According to a former UN worker in Myanmar, international aid organizations led
by the UN have been pushing to avoid having their projects legally fixed to the
delta through the memoranda of understanding the junta initially agreed on.
Aid as politics
Myanmar's broad humanitarian situation remains grim, with the UN putting the
national poverty rate at over one-third of the population in a 2005 study. More
recent statistics are hard to come by because of the government's secrecy.
However, in certain geographical areas the situation is believed to have become
worse since Nargis.
Although aid organizations maintain that their relief and development aid
programs are apolitical, the military rulers clearly still believe an extended
relief effort could have political repercussions, including unwanted observers
of its alleged human-rights abuses and empowerment of grassroots communities.
For instance, a famine in Chin State caused by an infestation of rats in food
supplies is ongoing, while human-rights organization Karen Human Rights Group
alleged in an April report that government policies ordering the army to live
off the land had resulted in widespread extortion of food from already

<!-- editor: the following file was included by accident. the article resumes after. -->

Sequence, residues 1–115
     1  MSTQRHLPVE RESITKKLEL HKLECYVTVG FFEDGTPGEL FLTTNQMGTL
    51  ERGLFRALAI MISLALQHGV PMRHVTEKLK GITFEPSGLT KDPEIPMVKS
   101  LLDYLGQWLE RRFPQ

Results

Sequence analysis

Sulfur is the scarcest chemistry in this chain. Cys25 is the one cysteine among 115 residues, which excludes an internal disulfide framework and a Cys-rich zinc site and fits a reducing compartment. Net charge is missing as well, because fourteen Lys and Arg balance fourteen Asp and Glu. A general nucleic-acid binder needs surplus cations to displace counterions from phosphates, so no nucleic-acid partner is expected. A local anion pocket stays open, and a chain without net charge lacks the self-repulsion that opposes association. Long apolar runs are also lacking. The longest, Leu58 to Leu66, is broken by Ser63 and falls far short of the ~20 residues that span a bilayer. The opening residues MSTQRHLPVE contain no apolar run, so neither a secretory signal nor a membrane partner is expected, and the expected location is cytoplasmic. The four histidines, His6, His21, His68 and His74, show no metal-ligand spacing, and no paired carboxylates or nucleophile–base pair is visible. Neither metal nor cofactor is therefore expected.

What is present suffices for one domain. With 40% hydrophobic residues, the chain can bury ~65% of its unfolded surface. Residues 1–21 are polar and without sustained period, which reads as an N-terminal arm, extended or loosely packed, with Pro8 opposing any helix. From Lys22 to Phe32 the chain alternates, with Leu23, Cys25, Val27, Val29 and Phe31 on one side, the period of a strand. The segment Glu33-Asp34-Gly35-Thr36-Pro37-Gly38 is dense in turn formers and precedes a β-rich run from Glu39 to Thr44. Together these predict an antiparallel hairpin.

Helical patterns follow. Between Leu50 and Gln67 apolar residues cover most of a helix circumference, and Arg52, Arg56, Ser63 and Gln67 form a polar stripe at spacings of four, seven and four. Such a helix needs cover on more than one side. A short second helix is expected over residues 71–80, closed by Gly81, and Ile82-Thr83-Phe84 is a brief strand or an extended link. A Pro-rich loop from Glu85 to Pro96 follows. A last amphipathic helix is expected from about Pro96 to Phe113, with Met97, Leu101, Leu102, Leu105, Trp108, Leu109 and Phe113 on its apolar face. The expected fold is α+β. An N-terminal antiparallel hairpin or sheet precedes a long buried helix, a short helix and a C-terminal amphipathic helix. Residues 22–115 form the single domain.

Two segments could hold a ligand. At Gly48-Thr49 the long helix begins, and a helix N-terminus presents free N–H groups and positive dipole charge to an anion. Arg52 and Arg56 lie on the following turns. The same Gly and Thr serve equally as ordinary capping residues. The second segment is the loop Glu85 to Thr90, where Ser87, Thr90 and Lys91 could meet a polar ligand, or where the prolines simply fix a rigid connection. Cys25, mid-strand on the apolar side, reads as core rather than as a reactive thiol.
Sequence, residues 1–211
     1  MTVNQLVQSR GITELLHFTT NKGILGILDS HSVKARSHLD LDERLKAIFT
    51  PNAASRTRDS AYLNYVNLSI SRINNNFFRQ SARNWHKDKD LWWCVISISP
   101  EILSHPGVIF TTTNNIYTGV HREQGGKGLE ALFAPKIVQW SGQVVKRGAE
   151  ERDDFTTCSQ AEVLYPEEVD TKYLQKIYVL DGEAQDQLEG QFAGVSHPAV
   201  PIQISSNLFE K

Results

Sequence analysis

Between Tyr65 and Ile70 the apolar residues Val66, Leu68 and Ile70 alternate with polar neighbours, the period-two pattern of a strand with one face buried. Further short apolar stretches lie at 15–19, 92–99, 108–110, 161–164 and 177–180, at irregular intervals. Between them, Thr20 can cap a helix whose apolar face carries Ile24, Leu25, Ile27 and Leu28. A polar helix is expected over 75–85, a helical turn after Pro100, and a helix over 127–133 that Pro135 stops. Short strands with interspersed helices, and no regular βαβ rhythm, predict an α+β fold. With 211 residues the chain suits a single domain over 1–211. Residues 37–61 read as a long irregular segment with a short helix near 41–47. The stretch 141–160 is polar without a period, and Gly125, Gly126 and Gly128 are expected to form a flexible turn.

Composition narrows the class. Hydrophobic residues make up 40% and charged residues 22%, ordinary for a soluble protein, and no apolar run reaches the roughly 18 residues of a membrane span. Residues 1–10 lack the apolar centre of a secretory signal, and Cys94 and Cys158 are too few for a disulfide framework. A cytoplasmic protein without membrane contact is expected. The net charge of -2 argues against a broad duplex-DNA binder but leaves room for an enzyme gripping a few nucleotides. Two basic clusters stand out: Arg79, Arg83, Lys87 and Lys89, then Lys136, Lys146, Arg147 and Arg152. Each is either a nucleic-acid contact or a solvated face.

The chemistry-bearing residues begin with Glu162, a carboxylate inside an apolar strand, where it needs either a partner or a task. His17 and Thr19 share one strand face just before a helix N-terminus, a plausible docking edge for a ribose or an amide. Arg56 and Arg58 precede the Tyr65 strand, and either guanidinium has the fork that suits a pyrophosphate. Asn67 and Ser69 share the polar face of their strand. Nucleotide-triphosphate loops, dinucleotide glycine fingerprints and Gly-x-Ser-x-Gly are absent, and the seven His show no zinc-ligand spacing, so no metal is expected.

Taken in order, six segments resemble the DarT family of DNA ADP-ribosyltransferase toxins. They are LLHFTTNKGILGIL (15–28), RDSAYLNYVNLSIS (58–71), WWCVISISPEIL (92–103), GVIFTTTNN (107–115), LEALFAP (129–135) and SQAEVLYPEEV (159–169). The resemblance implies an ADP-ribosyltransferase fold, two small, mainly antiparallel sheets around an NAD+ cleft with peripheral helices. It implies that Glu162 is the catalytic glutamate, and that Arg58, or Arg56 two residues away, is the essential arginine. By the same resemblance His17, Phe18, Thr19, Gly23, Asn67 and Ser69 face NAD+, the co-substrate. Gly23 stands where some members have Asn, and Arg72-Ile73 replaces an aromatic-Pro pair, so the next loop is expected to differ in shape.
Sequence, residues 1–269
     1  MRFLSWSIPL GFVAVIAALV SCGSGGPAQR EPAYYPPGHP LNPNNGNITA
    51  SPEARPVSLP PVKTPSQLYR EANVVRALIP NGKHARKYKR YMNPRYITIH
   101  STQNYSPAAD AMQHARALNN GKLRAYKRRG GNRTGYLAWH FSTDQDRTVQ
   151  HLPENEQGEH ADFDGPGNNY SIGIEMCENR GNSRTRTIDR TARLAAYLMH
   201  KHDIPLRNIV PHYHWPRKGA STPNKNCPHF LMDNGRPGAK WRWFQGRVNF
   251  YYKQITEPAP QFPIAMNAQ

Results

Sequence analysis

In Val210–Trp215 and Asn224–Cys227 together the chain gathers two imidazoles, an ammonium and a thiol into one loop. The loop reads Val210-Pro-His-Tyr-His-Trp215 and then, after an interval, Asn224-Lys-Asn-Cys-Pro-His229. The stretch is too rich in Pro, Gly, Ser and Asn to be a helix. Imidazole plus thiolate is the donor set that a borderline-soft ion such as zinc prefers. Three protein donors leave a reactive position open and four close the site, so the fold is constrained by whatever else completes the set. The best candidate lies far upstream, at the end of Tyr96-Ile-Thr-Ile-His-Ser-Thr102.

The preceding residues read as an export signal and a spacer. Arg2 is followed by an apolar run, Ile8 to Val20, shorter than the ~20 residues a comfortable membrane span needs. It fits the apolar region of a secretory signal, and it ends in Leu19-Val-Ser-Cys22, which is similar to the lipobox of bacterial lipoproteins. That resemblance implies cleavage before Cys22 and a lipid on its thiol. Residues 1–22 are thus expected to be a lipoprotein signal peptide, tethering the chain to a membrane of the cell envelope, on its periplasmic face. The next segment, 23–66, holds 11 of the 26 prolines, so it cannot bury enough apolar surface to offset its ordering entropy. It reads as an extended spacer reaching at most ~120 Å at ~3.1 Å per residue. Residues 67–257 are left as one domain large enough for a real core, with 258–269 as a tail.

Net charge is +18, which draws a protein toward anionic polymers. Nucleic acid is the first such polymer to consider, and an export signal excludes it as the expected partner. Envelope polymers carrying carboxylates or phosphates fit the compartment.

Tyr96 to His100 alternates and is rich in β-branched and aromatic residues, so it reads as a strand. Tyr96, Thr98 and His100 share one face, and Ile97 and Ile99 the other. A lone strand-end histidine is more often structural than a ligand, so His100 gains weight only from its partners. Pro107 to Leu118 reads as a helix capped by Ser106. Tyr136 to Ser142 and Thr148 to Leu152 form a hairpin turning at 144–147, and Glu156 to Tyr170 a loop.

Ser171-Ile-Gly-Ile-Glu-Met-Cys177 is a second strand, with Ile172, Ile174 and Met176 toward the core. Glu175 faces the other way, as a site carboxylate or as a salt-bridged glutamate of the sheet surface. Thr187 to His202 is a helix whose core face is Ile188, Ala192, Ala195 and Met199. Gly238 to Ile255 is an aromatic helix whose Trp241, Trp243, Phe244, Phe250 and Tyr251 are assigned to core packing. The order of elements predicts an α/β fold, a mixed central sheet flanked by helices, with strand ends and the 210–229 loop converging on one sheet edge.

desperate villagers in conflict-ridden Karen State.
While the government has granted permission for assistance to communities in
Chin State, a former aid worker told Asia Times Online most of those
international organizations were already working in the area. Karen State
remains largely off-limits to international organizations, except for
non-government sanctioned cross-border aid from Thailand. And while the
Rohingya refugee crisis in Thailand earlier this year sparked new international
interest in Arakan State's humanitarian situation, the government has allowed
few new aid projects in the area.
Outside of the delta, government restrictions on travel by foreign aid workers
and on their projects are still in place, and approvals for projects remain a
time-consuming process. Government officials are still required to accompany
workers on field visits, making it all but impossible to discuss freely with
local counterparts and civilians about the on-the-ground situation.
This month, Oxfam announced that millions of people in the worst-hit delta
region faced worsening debts since the killer storm as farmers and fishermen
without assistance are forced to borrow money for sustenance and to purchase
farming and fishing inputs. Already struggling to survive before the cyclone,
they risk falling into a cycle of debt that they can never escape.
The government's critics argue that the generals have spent little from their
own coffers on relief efforts. An April 30 press release issued by US pressure
group Human Rights Watch said the regime had accumulated an estimated US$3.5